ChickenBones: A Journal
for Literary & Artistic African-American Themes
In 1907 Mr. Theodore W. Koch, in appreciation of the public spirit of Mr. Carnegie,
undertook in his leisure time the public service to libraries and to the community of
collecting plans and illustrations of typical or notable Carnegie buildings erected .
A Book of Carnegie Libraries
By Theodore Wesley Koch
Introduction By R.R. Bowker
The generosity of Andrew Carnegie in the library gifts, which are the greatest single benefaction in library history, has had purpose and result much broader than the mere building of public libraries. Like his rival in large giving, John D. Rockefeller, Mr. Carnegie has sought through his giving to stimulate public spirit, to raise standards, and to provide for social betterment, not by way of by-products, but as a chief aim. Thus he has made fundamental conditions of his library gifts, that the community should provide a site and that adequate maintenance, usually a tithe annually on the cost of the building should be assured, making himself a co-partner with the local citizenry in providing that people’s university which in so many ~American cities and towns is today a central feature of architecture and of community life.
In 1907 Mr. Theodore W. Koch, in appreciation of the public spirit of Mr. Carnegie, undertook in his leisure time the public service to libraries and to the community of collecting plans and illustrations of typical or notable Carnegie buildings erected up to that date. The portfolio which resulted from that collection has been a useful presentation of library architecture, but it has lacked until now the accompanying text which should explain and describe the buildings illustrated. Mr. Koch’s increasingly engrossing labors and other circumstances prevented earlier publication of the present volume, which brings the story of Mr. Carnegie’s gifts up to ten years ago. This volume includes with its text the illustrations of the portfolio collection.
There has been no attempt to cover the succeeding ten years, beyond brief mention of the Carnegie Corporation, organized in 1911 to continue permanently Mr. Carnegie’s benefactions and to relieve him of the personal strain of this work. It is a correlative of the Carnegie Foundation and of the Carnegie Institution, each doing altruistic work in its separate field. Up to the year 1907 Mr. Carnegie’s library gifts had provided for 1636 library buildings, covering grants of $44,545,742 — 1014, representing $32,734,267, in the United States, and the others dotted over England, Wales, and Scotland, Canada, South Africa, and other parts of the English-speaking world. A decade later, up to 1917, the total grants promised by Mr. Carnegie personally, and by the Carnegie Corporation, had provided for 2865 buildings amounting to $65,069,684.44, in itself an enormous fortune. It would be unfair not to recognize at this writing the part of Mr. James Bertram, first, as Mr. Carnegie’s personal secretary for library purposes, and later as secretary of the Carnegie Corporation, and as the general channel of Mr. Carnegie’s library generosity.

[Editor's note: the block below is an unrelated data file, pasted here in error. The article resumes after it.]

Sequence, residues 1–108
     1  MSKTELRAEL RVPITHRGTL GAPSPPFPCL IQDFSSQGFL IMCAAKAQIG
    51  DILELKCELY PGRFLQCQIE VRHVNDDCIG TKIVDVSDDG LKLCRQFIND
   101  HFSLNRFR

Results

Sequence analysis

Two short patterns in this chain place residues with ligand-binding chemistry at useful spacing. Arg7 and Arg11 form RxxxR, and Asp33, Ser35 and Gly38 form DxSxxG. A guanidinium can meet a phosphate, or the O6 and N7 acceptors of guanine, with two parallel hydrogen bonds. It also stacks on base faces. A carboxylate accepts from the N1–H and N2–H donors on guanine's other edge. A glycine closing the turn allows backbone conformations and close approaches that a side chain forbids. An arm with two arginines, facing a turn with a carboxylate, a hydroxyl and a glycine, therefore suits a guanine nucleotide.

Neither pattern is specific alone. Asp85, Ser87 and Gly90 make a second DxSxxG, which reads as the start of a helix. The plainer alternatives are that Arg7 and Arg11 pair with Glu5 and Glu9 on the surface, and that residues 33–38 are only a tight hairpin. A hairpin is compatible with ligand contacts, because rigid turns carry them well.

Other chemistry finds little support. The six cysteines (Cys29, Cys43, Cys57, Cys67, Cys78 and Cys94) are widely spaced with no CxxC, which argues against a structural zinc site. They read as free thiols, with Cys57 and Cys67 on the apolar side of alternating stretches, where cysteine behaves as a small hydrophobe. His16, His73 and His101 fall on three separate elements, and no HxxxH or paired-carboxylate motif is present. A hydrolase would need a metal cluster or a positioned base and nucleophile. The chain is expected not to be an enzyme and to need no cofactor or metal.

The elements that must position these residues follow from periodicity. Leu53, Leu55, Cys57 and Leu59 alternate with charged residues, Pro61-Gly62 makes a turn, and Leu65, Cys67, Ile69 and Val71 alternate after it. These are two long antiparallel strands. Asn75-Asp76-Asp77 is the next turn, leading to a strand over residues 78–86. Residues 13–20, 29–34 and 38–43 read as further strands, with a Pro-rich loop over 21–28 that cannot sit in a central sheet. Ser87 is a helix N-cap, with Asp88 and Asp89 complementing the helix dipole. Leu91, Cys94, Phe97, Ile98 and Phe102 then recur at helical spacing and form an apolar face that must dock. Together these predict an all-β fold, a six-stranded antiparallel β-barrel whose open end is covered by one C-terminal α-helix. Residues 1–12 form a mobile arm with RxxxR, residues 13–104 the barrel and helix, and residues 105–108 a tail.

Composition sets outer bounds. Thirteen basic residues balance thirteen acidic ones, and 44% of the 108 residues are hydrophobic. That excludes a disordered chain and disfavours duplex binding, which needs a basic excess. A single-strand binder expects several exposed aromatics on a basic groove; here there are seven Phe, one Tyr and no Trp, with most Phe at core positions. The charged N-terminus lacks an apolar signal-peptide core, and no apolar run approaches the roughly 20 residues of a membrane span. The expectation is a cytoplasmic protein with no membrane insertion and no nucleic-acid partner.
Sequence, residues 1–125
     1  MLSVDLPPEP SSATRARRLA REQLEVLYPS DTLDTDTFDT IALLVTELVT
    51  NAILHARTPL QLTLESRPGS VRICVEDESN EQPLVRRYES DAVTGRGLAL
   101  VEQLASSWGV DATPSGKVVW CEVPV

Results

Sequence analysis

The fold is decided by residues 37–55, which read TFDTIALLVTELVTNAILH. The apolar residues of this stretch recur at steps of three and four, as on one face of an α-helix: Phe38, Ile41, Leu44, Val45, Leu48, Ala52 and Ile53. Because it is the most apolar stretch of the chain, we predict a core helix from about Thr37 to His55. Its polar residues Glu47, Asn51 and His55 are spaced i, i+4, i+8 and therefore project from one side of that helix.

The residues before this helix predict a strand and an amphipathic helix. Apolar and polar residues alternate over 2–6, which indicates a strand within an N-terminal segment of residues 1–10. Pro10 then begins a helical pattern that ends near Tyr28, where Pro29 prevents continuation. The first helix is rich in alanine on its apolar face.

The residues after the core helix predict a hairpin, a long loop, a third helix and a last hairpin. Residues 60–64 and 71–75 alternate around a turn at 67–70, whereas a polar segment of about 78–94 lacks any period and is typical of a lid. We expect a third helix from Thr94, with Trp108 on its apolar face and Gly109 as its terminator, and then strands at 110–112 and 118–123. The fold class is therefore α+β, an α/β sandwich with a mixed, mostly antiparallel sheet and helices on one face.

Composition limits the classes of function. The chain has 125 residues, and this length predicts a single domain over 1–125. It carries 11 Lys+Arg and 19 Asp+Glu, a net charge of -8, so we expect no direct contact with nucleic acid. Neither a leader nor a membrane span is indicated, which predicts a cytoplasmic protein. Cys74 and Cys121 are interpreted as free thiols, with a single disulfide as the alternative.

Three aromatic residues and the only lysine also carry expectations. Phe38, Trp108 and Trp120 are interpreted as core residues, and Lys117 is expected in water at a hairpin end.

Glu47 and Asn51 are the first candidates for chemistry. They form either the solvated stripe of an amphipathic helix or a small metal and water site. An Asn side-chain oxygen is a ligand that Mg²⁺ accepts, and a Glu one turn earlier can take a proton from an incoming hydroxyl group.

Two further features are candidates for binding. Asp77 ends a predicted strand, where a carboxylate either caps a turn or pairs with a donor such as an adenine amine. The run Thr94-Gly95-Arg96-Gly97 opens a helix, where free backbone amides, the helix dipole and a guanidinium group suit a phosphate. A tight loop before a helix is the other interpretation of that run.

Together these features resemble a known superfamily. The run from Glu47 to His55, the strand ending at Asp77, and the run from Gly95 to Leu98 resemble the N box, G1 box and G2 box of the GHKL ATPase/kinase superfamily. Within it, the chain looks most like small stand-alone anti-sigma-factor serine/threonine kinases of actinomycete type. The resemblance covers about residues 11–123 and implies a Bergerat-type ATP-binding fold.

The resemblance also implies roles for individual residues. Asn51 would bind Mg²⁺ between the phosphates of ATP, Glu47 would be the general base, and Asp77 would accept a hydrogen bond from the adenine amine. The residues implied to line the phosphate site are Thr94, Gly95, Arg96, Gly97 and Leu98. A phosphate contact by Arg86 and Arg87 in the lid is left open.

The earlier buildings figuring in the illustrations and described in the present volume show the development of library architecture under the early stimulus of Mr. Carnegie’s gifts. In that time there was great progress, and in these later years there has been greater progress. Some features of these earlier buildings have been developed into greater usefulness and beauty, while others have not had so happy an experience, but have done their part in the evolution of the present library building, as early experiments to be discarded in favor of better methods.
This is the story of all good development, and the text and illustrations of the present volume should be studied with careful discrimination as to what should be avoided and what copied or developed. In the past few years the Carnegie Corporation has worked out improved standards, especially for small library buildings, which represent a happy combination of good architecture and practical administration.
It is perhaps not out of place here to emphasize the thought that a Carnegie library, while attractive in exterior, should be fundamentally of sound architecture, answering to practical needs and economy of maintenance.
Today the Carnegie name is associated with good architecture in thousands of places in this country and elsewhere, thus providing a monument more impressive, more useful, and more lasting than can be associated with any other life or name.
Source: Theodore Wesley Koch. A Book of Carnegie Libraries. Publisher: The H. W. Wilson Company / White Plains, NY / 1917
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update 19 April 2010